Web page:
Mining firms agree to observe world heritage sitesPublished by MAC on 2001-05-01
Mining firms agree to observe world heritage sites
Press release from the ICMM, London
August 20 1993
London - Fifteen of the world's largest metal miners and producers have signed an agreement not to operate in world heritage sites like the Taj Mahal and Great Barrier Reef, the International Council on Mining and Metals (ICMM) said this week. Signatories to the agreement, which resulted from talks with the World Conservation Union (IUCN), pledged not to explore or mine at existing sites that carry United Nations World Heritage site status.
The World Heritage Convention is a U.N. initiative to protect natural and cultural heritage. There are 754 World Heritage sites, including the Taj Mahal in India and Egyptian Pyramids, the Great Barrier Reef off Australia and Yellowstone National Park in the United States.
The ICMM said in a statement its members recognised the role of properly designated and managed protected areas in conservation strategies and the importance of national and global protected area systems.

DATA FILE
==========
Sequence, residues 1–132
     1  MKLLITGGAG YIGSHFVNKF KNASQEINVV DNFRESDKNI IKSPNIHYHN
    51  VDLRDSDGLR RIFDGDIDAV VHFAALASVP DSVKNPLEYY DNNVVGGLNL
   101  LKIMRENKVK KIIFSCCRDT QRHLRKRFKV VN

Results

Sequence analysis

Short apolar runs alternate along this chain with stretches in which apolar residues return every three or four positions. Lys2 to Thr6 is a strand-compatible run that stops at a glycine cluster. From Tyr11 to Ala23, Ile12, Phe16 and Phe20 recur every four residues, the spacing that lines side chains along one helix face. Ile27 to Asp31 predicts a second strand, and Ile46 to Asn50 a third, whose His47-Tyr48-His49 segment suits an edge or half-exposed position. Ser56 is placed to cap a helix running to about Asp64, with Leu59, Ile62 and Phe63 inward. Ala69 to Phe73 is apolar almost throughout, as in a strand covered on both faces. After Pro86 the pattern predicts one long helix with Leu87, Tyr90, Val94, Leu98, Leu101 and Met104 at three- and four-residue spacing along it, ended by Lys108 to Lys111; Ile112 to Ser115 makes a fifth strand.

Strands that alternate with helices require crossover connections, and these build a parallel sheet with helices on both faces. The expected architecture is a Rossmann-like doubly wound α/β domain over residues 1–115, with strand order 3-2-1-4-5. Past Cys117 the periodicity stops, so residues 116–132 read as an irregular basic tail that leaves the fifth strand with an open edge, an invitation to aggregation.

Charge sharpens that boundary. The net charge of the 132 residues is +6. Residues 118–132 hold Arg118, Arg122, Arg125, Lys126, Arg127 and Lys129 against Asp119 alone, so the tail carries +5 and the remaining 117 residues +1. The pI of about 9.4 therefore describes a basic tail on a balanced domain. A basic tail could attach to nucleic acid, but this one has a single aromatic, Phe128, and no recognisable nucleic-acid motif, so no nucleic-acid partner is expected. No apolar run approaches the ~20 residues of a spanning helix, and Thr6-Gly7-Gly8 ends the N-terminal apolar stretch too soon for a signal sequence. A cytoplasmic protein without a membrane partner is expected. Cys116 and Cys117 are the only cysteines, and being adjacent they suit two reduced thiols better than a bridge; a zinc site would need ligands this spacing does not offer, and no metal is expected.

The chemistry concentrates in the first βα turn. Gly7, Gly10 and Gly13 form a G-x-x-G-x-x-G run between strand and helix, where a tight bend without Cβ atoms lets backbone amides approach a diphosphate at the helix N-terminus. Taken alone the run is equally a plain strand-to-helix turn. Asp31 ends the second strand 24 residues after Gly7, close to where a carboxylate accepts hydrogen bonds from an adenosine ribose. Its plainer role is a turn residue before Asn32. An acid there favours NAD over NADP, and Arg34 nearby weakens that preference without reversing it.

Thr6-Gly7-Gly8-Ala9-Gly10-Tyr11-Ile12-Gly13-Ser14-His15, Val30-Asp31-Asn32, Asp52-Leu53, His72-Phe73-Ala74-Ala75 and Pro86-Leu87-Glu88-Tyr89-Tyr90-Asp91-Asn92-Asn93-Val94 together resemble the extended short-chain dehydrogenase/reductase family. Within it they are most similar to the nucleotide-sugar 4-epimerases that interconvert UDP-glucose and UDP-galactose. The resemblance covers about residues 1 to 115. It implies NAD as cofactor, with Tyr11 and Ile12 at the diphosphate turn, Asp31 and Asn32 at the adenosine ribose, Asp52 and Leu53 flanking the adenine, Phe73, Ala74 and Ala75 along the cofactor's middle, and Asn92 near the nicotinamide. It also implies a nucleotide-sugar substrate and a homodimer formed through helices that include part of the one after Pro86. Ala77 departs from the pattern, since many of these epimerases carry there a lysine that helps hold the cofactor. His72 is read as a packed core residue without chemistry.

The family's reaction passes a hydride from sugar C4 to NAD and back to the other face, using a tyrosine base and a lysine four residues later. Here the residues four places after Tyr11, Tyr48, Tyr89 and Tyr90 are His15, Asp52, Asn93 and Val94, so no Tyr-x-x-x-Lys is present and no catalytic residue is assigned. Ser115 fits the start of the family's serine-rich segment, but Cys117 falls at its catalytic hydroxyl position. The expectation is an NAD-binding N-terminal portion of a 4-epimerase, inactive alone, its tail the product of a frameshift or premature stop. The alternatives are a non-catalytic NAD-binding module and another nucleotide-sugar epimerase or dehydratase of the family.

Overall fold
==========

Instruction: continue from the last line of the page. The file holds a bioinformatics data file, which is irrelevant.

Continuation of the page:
ICMM comprises Alcoa Inc BLT.L , Anglo American PLC AAL.L , AngloGold, BHP Billiton Ltd,
Freeport-McMoRan FTX.N , Mitsubishi Materials 5711.T , Newmont NEM.N , Nippon Mining & Metals, Noranda NRD.TO , Pasminco PAS.AX ,Placer Dome PDG.TO , Rio Tinto RIO.AX , Sumitomo Metal Mining 5713.T , Umicore and WMC Resources WMR.AX .
"The commitments made by ICMM establish important precedents, not only for the mining industry, but also other extractive industries," Lisa Cullimore, spokeswoman at Rio Tinto Ltd said.
Friends of the Earth International mining coordinator, Isaac Rojas said: "We welcome any move that takes mining pressure off such areas, however we still want to see a halt to all resource extraction, not only because of the effect on environment and biodiversity, but also the negative effect on local communities. Our call is, no more mining."
Matt Taylor, manager for sustainable development at BHP Billiton said: "The ICMM has a dialogue with the World Conservation Union to look at other protected area classifications. World Heritage sites are one high profile form of classification, but there are others and we fully support that dialogue."
See: International Council on Mining and Metals Press Release (in PDF format)